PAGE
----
If you are not familiar with REIAs or know where one is located, I recommend that you go to http://www.nationalreia.com and look for REIAs in your state. Hopefully there is one close to you. If not, resolve to set aside time to travel to the nearest one (mileage is a tax write-off) or explore starting your own. It is an effort well worth it.
Action Step #5: Stay in Your Lane. This is definitely a big issue with new investors. There are over 10 ways to invest in real estate (e.g. wholesaling, rehabbing, foreclosure consulting, etc.). Oftentimes as new investors, we will jump out and try whatever happened to be discussed at the local REIA meeting that particular month. If the topic this month is wholesaling, we want to be wholesalers. Next month we want to be rehabbers. What I would recommend is that you find a lane that works best for you. Get some general information on various investment areas, make a decision and stick with it. Better yet, first find out what investment techniques may NOT be working well in your location (some techniques work better in certain economic environments than others) and avoid those for now. This is the kind of information you can get from knowledgeable people at your local REIA.
Action Step #6: Establish a Website and a Business Email Address. If you are going to get into the real estate investment world, treat it like a business. One thing that personally makes me question the seriousness of an investor is when he or she gives me a business card with an email address that ends in @yahoo.com, @msn.com, @gmail.com or other common addresses of that ilk. There is a place and purpose for the aforementioned type of addresses, but not for the purpose of representing your business. If I were to receive a business card from two investors at my local REIA and both provided the same service; one said John.Doe@yahoo.com and the other said Jane.Doe@foreclosureconsulting.com, I am going to lean initially toward dealing with Jane because her email address is a reflection of her taking her business seriously.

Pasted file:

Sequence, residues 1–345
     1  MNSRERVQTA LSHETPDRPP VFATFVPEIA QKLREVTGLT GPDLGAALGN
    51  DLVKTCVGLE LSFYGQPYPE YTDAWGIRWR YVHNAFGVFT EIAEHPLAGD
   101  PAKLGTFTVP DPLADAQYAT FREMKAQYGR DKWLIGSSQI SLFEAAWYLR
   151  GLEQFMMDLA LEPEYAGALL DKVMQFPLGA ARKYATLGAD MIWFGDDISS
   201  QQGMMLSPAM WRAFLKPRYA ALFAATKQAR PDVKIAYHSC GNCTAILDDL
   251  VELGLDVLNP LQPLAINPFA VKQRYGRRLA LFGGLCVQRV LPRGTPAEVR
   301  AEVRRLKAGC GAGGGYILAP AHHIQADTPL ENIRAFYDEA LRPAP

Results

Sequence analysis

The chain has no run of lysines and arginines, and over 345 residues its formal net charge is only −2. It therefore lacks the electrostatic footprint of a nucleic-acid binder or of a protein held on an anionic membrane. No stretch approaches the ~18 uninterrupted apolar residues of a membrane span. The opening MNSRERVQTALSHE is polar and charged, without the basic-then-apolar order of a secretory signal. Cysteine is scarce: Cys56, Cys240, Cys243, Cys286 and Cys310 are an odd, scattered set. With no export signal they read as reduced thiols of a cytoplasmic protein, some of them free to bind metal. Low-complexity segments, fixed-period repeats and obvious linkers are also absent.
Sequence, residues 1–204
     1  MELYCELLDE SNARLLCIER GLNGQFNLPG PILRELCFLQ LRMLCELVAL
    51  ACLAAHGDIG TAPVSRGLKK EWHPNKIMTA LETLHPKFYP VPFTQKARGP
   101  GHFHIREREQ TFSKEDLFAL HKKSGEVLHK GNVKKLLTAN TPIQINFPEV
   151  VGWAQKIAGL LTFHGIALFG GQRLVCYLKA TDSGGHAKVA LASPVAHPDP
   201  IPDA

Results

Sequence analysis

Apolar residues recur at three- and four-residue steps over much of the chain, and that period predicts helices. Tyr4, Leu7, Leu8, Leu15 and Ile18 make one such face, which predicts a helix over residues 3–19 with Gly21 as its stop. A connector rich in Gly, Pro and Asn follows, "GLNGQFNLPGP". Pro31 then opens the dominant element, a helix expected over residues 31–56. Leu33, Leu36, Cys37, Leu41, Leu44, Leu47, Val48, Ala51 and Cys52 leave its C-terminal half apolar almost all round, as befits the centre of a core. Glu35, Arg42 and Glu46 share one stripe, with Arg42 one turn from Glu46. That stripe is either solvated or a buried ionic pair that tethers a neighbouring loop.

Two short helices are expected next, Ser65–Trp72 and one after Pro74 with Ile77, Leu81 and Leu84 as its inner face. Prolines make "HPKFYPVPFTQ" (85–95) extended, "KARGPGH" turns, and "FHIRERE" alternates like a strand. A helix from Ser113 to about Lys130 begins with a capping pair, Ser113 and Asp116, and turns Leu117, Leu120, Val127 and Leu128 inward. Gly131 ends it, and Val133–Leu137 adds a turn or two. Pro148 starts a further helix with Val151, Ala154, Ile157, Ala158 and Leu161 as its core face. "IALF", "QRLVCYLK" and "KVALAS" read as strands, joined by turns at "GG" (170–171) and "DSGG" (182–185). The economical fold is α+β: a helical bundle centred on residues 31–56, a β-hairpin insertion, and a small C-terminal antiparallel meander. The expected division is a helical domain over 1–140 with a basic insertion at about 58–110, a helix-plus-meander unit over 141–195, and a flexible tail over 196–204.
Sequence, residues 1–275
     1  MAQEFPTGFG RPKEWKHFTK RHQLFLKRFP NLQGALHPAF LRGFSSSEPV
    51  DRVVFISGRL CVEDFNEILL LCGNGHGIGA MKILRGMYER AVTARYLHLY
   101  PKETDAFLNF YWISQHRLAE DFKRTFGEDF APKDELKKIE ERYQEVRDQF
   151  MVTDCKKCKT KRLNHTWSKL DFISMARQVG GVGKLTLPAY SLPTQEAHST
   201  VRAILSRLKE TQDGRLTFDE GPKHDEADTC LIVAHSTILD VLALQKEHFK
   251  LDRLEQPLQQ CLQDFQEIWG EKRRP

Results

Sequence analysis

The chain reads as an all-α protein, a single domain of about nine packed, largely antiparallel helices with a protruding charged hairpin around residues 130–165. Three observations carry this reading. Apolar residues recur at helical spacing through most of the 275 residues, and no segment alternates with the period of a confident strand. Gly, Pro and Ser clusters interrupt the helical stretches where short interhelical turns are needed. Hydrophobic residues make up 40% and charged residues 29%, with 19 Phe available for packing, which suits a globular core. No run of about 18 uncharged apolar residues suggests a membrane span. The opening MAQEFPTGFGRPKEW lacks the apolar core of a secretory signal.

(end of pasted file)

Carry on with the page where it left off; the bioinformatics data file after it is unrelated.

I understand that many investors use @yahoo.com-type addresses because they do not have the knowledge or skill-set to establish a website, but these days there are very many tools available for investors who possess absolutely no website or HTML knowledge (myself being counted in that number) to establish a web presence. However, in the span of a weekend (with no TV), I was able to create the first few pages of my website. To start creating your own website, go to your favorite search engine do a search on “website design” and “domain name registration” (to register your domain name).
Action Step #7: Increase Your Marketing. Marketing is the life blood of any real estate investor. I constantly tell my investor colleagues that if you want to separate yourself from the rest of the pack, you have to market yourself and your business. You want to establish a marketing presence. Begin marketing with your local REIA. Start with a good solid business card. Wear a name tag. Network–let people see and know what you do. Consider creating a logo for your business.
If you really were to look at the marketing models of most investors in your local REIA, few have anything beyond their business card and perhaps a magnetic car sign. You want to get your name out. Start a newsletter or an email special report campaign. There are very many inexpensive ways to get your marketing campaign functional. Explore technology as an avenue for more efficient marketing. Establish a presence. It is what makes people pick up the phone and call you instead of someone else. It is what causes an investor to consult with you versus someone else. The Atelier